• one would present all the labels at once with different colors and appropriate translucency, (except for the cube perhaps, which would remain transparent and use a black label.)

What do you think? Might you be able to do this favor for me, even if it is just the last item on the list? It's a diagram for a talk I'm giving to nonmathematicians. Maybe you can even spot inaccuracies in it, but I feel like it will do a good job. Please let me know what might be possible: thank you Rschwieb (talk) 20:09, 22 March 2017 (UTC)

So sorry for late reply, I'll try an SVG version now. Hope it's not too late for your talk... MŜc2ħεИτlk 08:38, 25 March 2017 (UTC)
Here, let me know of improvements/corrections. MŜc2ħεИτlk 09:50, 25 March 2017 (UTC)
Wow, that looks great! I wasn't sufficiently clear about the circle, though. The region that represents ${\displaystyle S^{2}}$ is actually just the perimeter of the circle and not the whole disc. If you could light up that circle in orange and move the label arrow to point at it, then I think we're good! Rschwieb (talk) 11:11, 25 March 2017 (UTC)
Sure, sorry, fixed now. If R3 is shown as a plane, I should have realized that S2 is the circle without interior, since the interior would be the volume of a 3d sphere.
Out of interest what is the figure exactly for? Seems like quaternions and their connection to SO(3), in a lower dimension. MŜc2ħεИτlk 12:07, 25 March 2017 (UTC)
This is awesome! To answer your question, I'm trying to provide a visual aid for my fellow employees (roboticists and software engineers) who might not know how to visualize quaternions and their relationship to 3-dimensional geometry. I want to relate the picture to the ones that can be drawn for 1- and 2- dimensional geometry (which I'm requesting below too.)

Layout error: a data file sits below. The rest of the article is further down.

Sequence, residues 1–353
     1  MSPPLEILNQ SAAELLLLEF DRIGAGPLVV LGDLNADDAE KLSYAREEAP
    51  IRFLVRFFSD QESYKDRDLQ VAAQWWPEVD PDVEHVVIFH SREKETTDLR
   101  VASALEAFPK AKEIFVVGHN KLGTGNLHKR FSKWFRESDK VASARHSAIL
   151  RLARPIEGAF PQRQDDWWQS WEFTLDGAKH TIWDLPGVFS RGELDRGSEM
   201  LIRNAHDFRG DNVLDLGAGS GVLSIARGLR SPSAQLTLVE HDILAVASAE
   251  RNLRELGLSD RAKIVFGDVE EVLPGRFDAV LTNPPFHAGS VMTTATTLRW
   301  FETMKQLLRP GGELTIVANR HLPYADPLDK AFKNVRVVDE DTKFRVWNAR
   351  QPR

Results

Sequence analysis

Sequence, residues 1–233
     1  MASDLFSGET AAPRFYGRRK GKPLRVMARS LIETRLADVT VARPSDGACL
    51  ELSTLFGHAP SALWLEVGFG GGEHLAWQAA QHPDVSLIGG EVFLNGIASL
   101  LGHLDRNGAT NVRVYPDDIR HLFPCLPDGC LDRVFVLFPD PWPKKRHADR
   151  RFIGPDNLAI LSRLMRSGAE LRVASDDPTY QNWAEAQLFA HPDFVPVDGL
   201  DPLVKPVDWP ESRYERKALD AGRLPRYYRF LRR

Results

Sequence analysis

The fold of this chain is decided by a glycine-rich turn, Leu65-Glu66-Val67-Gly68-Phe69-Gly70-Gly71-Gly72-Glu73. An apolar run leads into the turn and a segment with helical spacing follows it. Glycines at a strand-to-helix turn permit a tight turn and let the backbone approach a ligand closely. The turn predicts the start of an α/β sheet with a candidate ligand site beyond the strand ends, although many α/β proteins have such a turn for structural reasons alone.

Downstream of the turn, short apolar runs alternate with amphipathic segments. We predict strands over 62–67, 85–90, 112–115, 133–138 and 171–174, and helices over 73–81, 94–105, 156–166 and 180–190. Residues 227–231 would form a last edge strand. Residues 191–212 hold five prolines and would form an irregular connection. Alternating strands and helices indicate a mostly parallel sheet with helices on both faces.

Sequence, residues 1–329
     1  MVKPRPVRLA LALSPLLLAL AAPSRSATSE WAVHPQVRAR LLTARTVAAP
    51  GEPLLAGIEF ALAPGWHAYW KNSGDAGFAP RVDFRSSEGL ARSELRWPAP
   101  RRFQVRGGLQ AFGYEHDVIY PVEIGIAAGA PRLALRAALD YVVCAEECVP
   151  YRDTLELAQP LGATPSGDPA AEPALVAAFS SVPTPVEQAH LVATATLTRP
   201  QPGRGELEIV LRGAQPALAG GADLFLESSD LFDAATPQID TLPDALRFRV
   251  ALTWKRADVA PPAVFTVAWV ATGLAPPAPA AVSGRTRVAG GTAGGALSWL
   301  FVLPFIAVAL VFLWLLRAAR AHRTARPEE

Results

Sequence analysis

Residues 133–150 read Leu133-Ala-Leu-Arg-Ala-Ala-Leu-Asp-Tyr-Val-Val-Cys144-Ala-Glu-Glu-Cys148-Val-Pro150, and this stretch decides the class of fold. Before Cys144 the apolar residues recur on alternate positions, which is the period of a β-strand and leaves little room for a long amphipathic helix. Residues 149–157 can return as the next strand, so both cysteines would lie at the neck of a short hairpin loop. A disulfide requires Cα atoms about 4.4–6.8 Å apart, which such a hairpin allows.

The aim is to illustrate what quaternions are the model of 3-space, which ones are doing the transformation, and finally to convey that there are a lot of other quaternions we just don't have to think about when using them for geometry.
You're right: everything in this beautiful diagram you've drawn is "compressed" by a dimension so as not to blow the viewers' minds :) I feel like I might have seen this picture somewhere before, but I couldn't dig it up, and besides that it was probably in black and white in a book.
I will be sure to send you a copy of the presentation (there shouldn't be anything proprietary at all, so that should be fine.)
I feel bad for followup requests, but I really hope they are pretty simple to do:
• First, can you add the point that is the center of the sphere?
• Secondly, two other diagrams:
• A line with 0 and 1 marked, and labeled ${\displaystyle \mathbb {R} =\mathbb {R} ^{1}}$, and a label of ${\displaystyle SO(1)}$ for the point 1.
• A plane labeled ${\displaystyle \mathbb {C} =\mathbb {R} ^{2}}$ and a circle with center marked, and a label on the circle ${\displaystyle SO(2)}$.
I'm purposefully omitting labels for ${\displaystyle S^{0}}$ and ${\displaystyle S^{1}}$ in these two diagrams. They aren't really as relevant as ${\displaystyle S^{2}}$ is in the third diagram. 14:36, 27 March 2017‎ Rschwieb (talk)
That's interesting, had a feeling it was to do with quaternions. As mentioned before, I hope I am not too late creating them.